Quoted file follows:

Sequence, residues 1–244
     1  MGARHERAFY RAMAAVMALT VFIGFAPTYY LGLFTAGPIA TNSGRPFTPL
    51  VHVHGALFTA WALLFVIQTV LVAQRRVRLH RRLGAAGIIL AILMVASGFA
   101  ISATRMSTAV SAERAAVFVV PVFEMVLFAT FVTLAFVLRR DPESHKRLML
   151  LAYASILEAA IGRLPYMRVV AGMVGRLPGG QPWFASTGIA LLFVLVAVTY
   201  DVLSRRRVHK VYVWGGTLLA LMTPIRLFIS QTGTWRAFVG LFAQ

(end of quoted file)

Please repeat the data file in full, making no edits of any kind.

Sequence, residues 1–244
     1  MGARHERAFY RAMAAVMALT VFIGFAPTYY LGLFTAGPIA TNSGRPFTPL
    51  VHVHGALFTA WALLFVIQTV LVAQRRVRLH RRLGAAGIIL AILMVASGFA
   101  ISATRMSTAV SAERAAVFVV PVFEMVLFAT FVTLAFVLRR DPESHKRLML
   151  LAYASILEAA IGRLPYMRVV AGMVGRLPGG QPWFASTGIA LLFVLVAVTY
   201  DVLSRRRVHK VYVWGGTLLA LMTPIRLFIS QTGTWRAFVG LFAQ